In this connection it appears that following several conversations between Eberhardt, appellant, and her daughter Hattie G. Holman, the suggested plan of refinancing was accepted and accordingly appellant pledged her stock consisting of 267 shares to one A. W. Simpson for a loan of $18,000, the proceeds of which were applied upon certain of the outstanding notes of appellant, thereby reducing her total indebtedness from $69,200 to $51,200, which latter amount consisted of $12,200 of her direct indebtedness and $39,000 in notes which she had theretofore guaranteed for her son George. Shortly thereafter in January, 1933, pursuant to the plan suggested and agreed upon, appellant executed her note to the defendant bank in the principal sum of $51,200, and as security therefor executed the deed of trust upon the hotel property and assigned to the bank the Williamson note and deed of trust. In due course the notes in the principal sum of $39,000, which appellant had guaranteed for her son George were endorsed to her by the bank and delivered to her daughter for her.
It may be observed that appellant, by reason of advanced age as well as her physical condition, seldom left her home, and that most of her business transactions were carried on by telephone, correspondence and by and through her daughter Hattie. She was called as a witness at the trial herein, and it is apparent from her testimony that her memory had at that time failed to the extent that she had no comprehension of what was taking place.
In January, 1934, a Mr. Francis Cutting, engaged in real estate brokerage business in Stockton, became the agent of appellant, and thereafter until 1937 actively cared for her properties, collected rents, obtained tenants, and in general transacted such business matters as related to the property and affairs of appellant. It appears that during the latter part of 1934 Mr. Cutting conferred with appellant at her home with reference to selling the 267 shares of stock which she had theretofore pledged. Appellant said she would like to sell the stock, and asked Mr. Cutting if he thought he could sell it. He told her he would try, and after interviewing several persons who he thought might be interested, but who were not, he advised appellant accordingly, and suggested if she would put a definite selling price upon the stock it might help. Appellant then placed the selling price of $25,000 for the stock; shortly thereafter Cutting contacted the defendant Eberhardt, who, after some negotiations, made an offer of $24,000 for the stock, which offer Cutting submitted to appellant, who in turn told him to go ahead and take it and close the transaction.
Additional loans were made by the bank to appellant during the years 1933 and 1934, and in June, 1934, the defendant bank, pursuant to the assignment which they had, foreclosed the Williamson trust deed, buying the property in for and on behalf of appellant. Thereupon appellant executed several renewal notes representing the said additional loans made in 1933 and 1934, as well as a new note in the principal sum of $2,200, and as security therefor appellant executed a deed of trust upon the property which had just been foreclosed upon, and which trust deed was given as additional security for the balance of all outstanding indebtedness to the bank. This transaction in effect merely substantiated the new deed of trust in the place of the assignment of the former Williamson trust deed, together with the further advances which made the total indebtedness now approximately $60,000.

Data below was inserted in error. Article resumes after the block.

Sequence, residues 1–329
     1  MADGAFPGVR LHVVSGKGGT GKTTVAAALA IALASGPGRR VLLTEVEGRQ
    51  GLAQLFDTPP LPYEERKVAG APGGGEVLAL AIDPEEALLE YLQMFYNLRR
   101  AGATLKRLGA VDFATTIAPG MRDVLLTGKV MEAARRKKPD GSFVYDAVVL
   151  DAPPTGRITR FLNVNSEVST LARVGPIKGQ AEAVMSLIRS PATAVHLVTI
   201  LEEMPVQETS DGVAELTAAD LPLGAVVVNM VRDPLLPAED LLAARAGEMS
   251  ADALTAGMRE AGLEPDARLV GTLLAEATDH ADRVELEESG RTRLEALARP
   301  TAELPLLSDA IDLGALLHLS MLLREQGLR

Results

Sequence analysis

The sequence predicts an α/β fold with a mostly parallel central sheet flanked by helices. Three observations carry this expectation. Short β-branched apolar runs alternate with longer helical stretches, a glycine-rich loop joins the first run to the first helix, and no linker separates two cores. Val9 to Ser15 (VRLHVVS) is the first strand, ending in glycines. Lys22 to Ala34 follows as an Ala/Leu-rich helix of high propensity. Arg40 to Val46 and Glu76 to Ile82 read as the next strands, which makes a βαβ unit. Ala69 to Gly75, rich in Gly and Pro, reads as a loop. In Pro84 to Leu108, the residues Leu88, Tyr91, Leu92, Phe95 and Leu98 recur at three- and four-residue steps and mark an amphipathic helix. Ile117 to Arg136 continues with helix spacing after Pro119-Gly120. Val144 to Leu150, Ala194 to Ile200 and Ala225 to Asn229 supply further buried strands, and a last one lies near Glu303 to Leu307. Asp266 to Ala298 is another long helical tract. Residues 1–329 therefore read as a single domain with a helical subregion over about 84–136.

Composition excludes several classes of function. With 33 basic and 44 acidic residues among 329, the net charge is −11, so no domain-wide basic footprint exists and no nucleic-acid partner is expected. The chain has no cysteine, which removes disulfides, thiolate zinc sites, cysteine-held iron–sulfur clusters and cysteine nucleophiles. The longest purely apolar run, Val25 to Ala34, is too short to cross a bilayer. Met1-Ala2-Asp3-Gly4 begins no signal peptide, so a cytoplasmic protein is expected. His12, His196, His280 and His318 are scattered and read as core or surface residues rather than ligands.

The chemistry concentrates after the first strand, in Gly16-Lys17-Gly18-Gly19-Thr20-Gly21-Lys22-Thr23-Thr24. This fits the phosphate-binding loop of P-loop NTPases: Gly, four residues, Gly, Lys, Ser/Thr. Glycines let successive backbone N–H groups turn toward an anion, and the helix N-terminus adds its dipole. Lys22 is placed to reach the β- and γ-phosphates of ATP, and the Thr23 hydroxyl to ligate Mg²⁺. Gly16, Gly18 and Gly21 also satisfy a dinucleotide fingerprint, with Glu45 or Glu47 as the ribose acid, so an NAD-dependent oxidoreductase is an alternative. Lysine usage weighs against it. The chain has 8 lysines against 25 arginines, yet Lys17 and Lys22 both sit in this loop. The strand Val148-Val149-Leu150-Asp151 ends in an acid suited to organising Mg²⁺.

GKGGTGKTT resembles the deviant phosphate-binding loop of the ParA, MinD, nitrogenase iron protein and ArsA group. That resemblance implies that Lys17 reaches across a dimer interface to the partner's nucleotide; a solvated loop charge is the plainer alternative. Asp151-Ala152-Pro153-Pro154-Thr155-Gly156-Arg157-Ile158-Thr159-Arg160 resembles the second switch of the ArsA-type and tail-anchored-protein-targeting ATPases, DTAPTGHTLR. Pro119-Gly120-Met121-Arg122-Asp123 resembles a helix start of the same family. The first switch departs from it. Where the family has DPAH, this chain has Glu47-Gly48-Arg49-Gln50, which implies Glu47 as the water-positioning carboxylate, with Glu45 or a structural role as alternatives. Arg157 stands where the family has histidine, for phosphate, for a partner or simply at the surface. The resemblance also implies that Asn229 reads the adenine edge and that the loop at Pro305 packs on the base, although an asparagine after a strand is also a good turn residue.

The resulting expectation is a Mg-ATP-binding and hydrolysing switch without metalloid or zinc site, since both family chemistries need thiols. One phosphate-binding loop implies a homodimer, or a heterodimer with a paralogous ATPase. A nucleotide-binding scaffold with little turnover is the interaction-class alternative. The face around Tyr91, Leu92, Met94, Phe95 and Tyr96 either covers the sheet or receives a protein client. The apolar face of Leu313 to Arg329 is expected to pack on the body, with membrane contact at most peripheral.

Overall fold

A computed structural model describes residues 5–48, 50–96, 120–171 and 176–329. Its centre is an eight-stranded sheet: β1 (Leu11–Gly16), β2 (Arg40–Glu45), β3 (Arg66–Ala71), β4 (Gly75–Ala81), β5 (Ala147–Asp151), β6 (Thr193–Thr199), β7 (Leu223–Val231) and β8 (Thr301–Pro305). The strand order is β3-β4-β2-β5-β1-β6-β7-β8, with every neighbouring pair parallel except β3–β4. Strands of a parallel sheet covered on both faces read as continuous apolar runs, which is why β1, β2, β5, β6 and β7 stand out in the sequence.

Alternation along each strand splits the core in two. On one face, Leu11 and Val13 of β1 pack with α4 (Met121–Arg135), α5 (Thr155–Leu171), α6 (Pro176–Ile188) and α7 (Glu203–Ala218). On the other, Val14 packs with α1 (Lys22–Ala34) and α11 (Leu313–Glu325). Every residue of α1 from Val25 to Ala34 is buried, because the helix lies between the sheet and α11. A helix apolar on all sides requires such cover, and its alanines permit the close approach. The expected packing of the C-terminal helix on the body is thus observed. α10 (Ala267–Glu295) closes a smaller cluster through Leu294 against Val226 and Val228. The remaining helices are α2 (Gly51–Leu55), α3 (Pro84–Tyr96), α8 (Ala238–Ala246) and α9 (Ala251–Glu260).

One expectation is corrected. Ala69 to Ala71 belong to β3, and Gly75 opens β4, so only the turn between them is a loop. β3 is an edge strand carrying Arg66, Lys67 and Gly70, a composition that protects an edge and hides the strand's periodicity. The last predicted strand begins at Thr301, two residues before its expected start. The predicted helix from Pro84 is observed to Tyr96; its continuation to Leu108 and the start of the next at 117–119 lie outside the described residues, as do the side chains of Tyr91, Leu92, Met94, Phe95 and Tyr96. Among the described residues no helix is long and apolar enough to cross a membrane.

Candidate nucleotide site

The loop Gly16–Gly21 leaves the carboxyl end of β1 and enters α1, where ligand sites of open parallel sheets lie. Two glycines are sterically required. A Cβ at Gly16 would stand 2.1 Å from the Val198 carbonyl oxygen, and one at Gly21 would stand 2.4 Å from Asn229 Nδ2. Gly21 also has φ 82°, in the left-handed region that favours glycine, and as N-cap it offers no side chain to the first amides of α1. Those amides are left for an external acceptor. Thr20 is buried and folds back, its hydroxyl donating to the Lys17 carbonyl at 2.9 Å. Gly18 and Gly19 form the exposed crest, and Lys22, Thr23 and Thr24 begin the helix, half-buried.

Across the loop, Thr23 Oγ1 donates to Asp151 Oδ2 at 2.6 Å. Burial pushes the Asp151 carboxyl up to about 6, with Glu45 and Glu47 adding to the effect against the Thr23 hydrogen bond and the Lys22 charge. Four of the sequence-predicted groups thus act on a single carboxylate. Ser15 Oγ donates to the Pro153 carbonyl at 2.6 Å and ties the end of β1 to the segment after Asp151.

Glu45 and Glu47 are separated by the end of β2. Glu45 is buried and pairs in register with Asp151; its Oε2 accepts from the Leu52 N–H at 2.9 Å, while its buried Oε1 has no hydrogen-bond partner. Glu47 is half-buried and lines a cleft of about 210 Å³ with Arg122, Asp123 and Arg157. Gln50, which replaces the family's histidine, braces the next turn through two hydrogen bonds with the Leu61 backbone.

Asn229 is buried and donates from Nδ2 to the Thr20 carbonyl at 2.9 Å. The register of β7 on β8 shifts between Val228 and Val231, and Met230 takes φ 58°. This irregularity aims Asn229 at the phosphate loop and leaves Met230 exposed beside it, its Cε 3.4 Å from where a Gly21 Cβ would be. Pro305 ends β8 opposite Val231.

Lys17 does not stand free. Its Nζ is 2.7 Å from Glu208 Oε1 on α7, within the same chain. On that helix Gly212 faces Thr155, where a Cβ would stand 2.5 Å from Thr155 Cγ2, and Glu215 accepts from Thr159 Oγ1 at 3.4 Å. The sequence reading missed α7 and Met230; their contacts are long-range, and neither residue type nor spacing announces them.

The record discloses that on or about December 11, 1936, appellant again renewed her notes, and at this time the total of her indebtedness had reached the sum of $79,396.68; she executed two notes, one in the principal sum of $70,000 and another in the principal sum of $9,396.68 (accumulated interest) together with a new deed of trust upon the United States Hotel property. Shortly prior to this transaction the appellant had assigned to the bank the rentals from this property with a temporary arrangement for the bank to pay her $75 per month for living expenses and to meet monthly payments to a building and loan association.
In the forepart of 1938 an offer was received for the purchase of the United States Hotel property together with the furnishings at a figure of $55,000. The furnishings were owned by Mr. and Mrs. George Holman, who insisted upon receiving $7,500 for them. The bank, through Mr. Eberhardt, maintained that no such allowance for the furnishings could be considered as they were not worth more than $2,500. Subsequently the prospective purchaser offered $52,250 for the property without the furnishings, and the bank, under pressure somewhat by the federal and state bank examiners, who were insistent that the loan be placed in a bankable condition, strongly urged and recommended the sale, the consummation of which would have materially reduced appellant's indebtedness and assured her of a net monthly income from the remaining property. Being unable to convince appellant of the advisability of such sale, and after correspondence had passed between them wherein the bank had stated its willingness to assist her but that since the loan was unbankable in its present condition (the bank having been required to write off approximately $22,000) there would be no other alternative, in the event the sale was not made, but to foreclose under the deed of trust. The offer of purchase was not accepted by appellant, and accordingly the bank instituted the present foreclosure proceedings by filing a notice of default in July, 1938.